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A circadian zip code guides leukocyte homing
A circadian zip code guides leukocyte homing
Circadian rhythms are important for organisms to anticipate predictable environmental changes. Evidence indicates that the oscillation of murine blood numbers is closely related to the lighting schedule. However, the dynamics and the mechanisms of the migration of leukocyte subsets over 24 hours are unknown. Here, we could show that that numbers of circulating leucocyte subsets exhibit circadian rhythms in murine blood, which was regulated by rhythmic homing, with a co-contribution of both microenvironmental and leukocyte-autonomous oscillations. We identified leukocyte and vascular bed specific surface expression oscillations of adhesion molecules and chemokine receptors over 24 hours. To test the relevance of these oscillations, functional blocking experiments using antibodies or functional blockers directed against pro-migratory molecules were performed. Our data indicate the adhesion molecules CD11a, CD49d and L-selectin and the chemokine receptor CXCR4 on the leukocyte side, as well as VCAM-1 and ICAM-1 on the endothelial side to be important in the rhythmic recruitment process of leukocyte subsets. A stronger blocking effect targeting these molecules was found at night for leukocyte subsets. In the homing experiments, we found donor leukocytes preferentially migrated to organs at night, and that the recruitment process of different leukocyte subsets to various organs could be blocked by distinct inhibitors. We exposed the role of circadian genes in the rhythmic recruitment process using B-cell and myeloid-cell-specific knockouts of the circadian gene Bmal1, which demonstrated altered expression levels of specific oscillatory molecules and leukocyte numbers in tissues, suggesting that rhythmicity in these factors may be directly regulated by the circadian clock. Furthermore, we detected inverse oscillation patterns of human blood cell numbers compared to murine cells as well as of the expression levels of CXCR4 on leukocyte subsets. Together, our data demonstrate that circadian genes control a rhythmic leukocyte- and tissue-specific molecular signature in the expression of pro-migratory factors, which allows for the recruitment of select leukocyte subsets at distinct times.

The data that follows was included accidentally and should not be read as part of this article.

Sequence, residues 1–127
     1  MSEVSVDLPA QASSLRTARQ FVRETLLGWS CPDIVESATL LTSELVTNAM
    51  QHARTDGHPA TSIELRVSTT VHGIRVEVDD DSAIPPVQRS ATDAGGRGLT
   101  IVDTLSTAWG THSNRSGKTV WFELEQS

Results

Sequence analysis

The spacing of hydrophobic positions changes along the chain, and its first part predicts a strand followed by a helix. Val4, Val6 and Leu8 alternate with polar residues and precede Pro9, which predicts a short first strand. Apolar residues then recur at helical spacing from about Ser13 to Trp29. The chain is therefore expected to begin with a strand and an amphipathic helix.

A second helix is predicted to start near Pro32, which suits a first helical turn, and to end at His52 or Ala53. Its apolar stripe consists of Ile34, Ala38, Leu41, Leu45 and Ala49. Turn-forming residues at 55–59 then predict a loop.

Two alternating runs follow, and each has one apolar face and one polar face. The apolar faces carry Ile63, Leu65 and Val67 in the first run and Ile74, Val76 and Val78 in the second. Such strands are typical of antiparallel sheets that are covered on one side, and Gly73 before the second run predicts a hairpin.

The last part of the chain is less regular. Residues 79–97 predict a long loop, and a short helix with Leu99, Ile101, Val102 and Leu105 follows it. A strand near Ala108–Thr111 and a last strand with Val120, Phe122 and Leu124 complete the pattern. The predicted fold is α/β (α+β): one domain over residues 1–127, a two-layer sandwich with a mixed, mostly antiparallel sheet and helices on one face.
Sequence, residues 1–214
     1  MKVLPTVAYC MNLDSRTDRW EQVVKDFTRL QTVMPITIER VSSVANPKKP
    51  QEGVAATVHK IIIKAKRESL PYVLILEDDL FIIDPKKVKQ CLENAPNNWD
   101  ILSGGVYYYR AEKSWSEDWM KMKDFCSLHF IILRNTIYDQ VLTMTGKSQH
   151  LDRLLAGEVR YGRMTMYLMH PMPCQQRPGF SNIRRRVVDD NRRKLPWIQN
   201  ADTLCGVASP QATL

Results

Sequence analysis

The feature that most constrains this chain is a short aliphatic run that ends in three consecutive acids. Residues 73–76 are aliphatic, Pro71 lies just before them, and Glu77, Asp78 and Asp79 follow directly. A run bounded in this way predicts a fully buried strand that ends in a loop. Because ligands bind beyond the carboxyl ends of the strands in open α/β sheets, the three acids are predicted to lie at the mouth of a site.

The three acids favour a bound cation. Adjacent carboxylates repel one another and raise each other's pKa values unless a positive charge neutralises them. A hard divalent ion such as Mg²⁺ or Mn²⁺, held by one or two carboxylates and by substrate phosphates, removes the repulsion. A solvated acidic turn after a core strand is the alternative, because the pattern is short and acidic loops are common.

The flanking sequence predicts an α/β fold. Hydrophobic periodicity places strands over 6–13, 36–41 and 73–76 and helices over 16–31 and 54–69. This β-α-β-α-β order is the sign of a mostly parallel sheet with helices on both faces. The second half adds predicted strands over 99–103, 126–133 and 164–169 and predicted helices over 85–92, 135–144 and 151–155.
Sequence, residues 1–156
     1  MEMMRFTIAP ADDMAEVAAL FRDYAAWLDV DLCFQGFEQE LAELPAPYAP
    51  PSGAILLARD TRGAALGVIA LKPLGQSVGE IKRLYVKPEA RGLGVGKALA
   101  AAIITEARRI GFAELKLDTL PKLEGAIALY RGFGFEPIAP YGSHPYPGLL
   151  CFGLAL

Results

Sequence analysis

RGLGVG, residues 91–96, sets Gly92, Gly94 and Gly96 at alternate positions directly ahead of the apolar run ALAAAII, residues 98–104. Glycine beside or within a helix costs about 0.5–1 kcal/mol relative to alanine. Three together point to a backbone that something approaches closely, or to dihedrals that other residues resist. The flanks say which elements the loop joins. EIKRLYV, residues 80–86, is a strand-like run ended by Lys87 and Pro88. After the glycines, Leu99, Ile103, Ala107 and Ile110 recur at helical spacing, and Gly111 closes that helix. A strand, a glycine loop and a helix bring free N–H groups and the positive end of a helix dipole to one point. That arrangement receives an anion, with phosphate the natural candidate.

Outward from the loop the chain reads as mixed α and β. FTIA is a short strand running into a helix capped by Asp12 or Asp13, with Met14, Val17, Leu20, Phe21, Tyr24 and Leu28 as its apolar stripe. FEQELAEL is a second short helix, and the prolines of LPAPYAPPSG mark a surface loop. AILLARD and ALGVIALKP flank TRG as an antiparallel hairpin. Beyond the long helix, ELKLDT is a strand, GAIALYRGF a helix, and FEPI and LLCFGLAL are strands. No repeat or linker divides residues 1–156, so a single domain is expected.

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He, Wenyan
2018
English
Universitätsbibliothek der Ludwig-Maximilians-Universität München
He, Wenyan (2018): A circadian zip code guides leukocyte homing. Dissertation, LMU München: Faculty of Medicine
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Abstract

Circadian rhythms are important for organisms to anticipate predictable environmental changes. Evidence indicates that the oscillation of murine blood numbers is closely related to the lighting schedule. However, the dynamics and the mechanisms of the migration of leukocyte subsets over 24 hours are unknown. Here, we could show that that numbers of circulating leucocyte subsets exhibit circadian rhythms in murine blood, which was regulated by rhythmic homing, with a co-contribution of both microenvironmental and leukocyte-autonomous oscillations. We identified leukocyte and vascular bed specific surface expression oscillations of adhesion molecules and chemokine receptors over 24 hours. To test the relevance of these oscillations, functional blocking experiments using antibodies or functional blockers directed against pro-migratory molecules were performed. Our data indicate the adhesion molecules CD11a, CD49d and L-selectin and the chemokine receptor CXCR4 on the leukocyte side, as well as VCAM-1 and ICAM-1 on the endothelial side to be important in the rhythmic recruitment process of leukocyte subsets. A stronger blocking effect targeting these molecules was found at night for leukocyte subsets. In the homing experiments, we found donor leukocytes preferentially migrated to organs at night, and that the recruitment process of different leukocyte subsets to various organs could be blocked by distinct inhibitors. We exposed the role of circadian genes in the rhythmic recruitment process using B-cell and myeloid-cell-specific knockouts of the circadian gene Bmal1, which demonstrated altered expression levels of specific oscillatory molecules and leukocyte numbers in tissues, suggesting that rhythmicity in these factors may be directly regulated by the circadian clock. Furthermore, we detected inverse oscillation patterns of human blood cell numbers compared to murine cells as well as of the expression levels of CXCR4 on leukocyte subsets. Together, our data demonstrate that circadian genes control a rhythmic leukocyte- and tissue-specific molecular signature in the expression of pro-migratory factors, which allows for the recruitment of select leukocyte subsets at distinct times.